She wasn’t his type. A little too wiry, and a face that—to be honest—looked like it had fought a long war with acne. Not to mention the light hair.
So that first time, when they started having a discussion near the end of class, only to look up half an hour later—well, he really, honestly hadn’t been thinking of her as a potential girlfriend, or indeed particularly as a girl at all.
(But he did add her on Facebook when he got home that night.)
His usual venues were bars and parties, places where he could drink and have a good time, enjoy a flirt with someone (and sometimes a bit more than a flirt), and stay friendly if they met on the street later on. There had been a few longer relationships here and there, but they were all fairly casual, and they’d ended on good terms each time.
Eventually, he supposed, he did want to settle down, get married, the whole shebang. But that was later, in the future. Right now he liked his life.
The second time their discussion ran past the end of class, he suggested that they go to a cafe somewhere to keep talking. That was when he found out she had a boyfriend—
(He had been surprised, since he really didn’t find her attractive.)
—whose profile had been hidden on Facebook, which was why he hadn’t known. And he had been completely understanding and said goodbye, and took the bus home as always.
The next time she took him up on the offer. Actually, she suggested it, lightly shaking her phone as she explained that she had already told her boyfriend she’d be a little late. And since they still talked until the cafe closed, he suggested that next time they just save it for the afternoon of the day after.
They met around once every other week after that, sometimes bringing homework, sometimes only staying for a short while, when nothing had happened in class or during the rest of the week…and sometimes talking for an hour or more.
He had even met her boyfriend, running into the two of them at a mutual friend’s party. “You’re lucky to have her,” he said, then mentally winced as he realized how that could sound if taken the wrong way.
But the other man only laughed, and she had leaned in and kissed him, so it had all been okay.
That had been a month ago. And today, she told him the two of them had broken up. He wouldn’t have predicted it, but then it’s hard to tell how a serious relationship is going from the outside, right?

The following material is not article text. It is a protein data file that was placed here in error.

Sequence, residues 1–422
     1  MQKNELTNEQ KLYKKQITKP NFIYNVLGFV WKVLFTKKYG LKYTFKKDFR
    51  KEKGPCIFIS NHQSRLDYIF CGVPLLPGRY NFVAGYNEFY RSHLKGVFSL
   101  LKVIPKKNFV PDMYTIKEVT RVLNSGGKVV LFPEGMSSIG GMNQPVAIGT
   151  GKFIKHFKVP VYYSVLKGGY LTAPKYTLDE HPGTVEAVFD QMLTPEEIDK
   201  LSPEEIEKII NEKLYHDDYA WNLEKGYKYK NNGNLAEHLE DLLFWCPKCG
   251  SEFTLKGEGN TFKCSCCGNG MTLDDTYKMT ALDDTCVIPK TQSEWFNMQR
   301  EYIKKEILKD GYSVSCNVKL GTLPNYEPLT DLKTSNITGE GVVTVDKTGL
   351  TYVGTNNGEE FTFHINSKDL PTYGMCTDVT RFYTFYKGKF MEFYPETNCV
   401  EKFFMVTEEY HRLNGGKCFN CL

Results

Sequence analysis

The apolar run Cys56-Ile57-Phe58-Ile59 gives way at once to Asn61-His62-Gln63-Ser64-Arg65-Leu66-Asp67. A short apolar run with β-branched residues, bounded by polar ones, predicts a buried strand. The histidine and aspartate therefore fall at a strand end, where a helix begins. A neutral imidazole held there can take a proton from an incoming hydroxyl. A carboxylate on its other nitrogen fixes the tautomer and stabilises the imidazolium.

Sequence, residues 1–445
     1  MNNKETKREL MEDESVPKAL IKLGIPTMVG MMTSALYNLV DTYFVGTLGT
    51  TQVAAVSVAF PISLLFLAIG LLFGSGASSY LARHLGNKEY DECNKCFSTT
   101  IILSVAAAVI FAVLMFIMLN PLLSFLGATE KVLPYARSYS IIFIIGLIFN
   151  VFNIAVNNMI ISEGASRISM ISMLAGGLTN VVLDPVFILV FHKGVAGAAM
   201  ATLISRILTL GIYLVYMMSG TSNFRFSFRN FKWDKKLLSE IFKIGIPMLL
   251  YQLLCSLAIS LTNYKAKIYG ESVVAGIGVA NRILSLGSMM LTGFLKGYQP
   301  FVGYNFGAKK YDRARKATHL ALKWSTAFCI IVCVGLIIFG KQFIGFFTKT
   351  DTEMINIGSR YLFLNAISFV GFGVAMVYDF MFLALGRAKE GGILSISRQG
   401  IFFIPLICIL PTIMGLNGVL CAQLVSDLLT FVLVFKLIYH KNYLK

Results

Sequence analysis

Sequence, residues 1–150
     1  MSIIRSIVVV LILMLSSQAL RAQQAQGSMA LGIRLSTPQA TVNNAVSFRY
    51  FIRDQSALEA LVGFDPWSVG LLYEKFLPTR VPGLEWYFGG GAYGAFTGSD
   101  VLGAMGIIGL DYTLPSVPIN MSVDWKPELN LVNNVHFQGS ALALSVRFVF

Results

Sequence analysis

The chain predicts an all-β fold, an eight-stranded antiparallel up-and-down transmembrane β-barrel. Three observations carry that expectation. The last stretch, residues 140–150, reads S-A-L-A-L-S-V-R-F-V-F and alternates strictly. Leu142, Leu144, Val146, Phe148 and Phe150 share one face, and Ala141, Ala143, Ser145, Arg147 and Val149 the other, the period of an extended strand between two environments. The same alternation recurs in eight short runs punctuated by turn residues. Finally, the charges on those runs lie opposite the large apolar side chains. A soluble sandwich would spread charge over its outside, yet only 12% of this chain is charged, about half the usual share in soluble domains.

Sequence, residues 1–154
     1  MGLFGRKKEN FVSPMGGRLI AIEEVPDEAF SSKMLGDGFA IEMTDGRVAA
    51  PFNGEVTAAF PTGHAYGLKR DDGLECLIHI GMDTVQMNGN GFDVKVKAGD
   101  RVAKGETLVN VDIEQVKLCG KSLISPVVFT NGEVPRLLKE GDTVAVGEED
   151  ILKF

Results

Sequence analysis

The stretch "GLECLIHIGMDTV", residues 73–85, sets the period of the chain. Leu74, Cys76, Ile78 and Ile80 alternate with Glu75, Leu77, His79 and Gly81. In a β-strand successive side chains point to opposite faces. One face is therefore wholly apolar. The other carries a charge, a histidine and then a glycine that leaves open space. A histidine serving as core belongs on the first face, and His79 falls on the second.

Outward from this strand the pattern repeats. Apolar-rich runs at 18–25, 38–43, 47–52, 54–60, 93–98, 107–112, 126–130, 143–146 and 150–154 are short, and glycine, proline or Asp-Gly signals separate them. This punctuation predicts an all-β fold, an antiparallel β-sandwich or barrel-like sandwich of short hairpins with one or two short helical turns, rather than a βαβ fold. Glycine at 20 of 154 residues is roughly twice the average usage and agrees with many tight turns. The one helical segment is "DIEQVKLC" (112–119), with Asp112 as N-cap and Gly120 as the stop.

What made him uncomfortable is that when she told him they had broken up, something inside him gave a little leap. He really had thought they were just friends, and that he wasn’t looking for a relationship here.
Apparently his subconscious had decided otherwise.
He had to admit they had some kind of connection now—they could talk about almost anything without feeling awkward, and more often than not they seemed to be on the same wavelength. That was a welcome change from home, where he couldn’t have a conversation with his parents for more than an hour without wanting to scream into a pillow.
Come to think of it, his last few relationships hadn’t had this sort of mental connection either. Maybe that’s why they had stayed casual—there was nothing really to gain from investing more in it.
She sat down across the tale and gave him a smile—a wan smile, as if she hadn’t been sleeping well the past few nights—and he couldn’t help but smile back, putting on what felt like an encouraging expression as he took a sip of his coffee.
She still wasn’t his type. (He gave her a quick once-over from behind his coffee cup. Nope.) But maybe it was time to give that whole “type” thing a rest.
Whoa. Dangerous thoughts.
He was glad to have her as a friend. If it never developed further, that would be fine.
And besides that, she had just broken up with her ex.
(he realized that that thought meant that he had to admit he was at least a little interested.)
He hadn’t done anything. But maybe—not yet, but in a few weeks—maybe he should.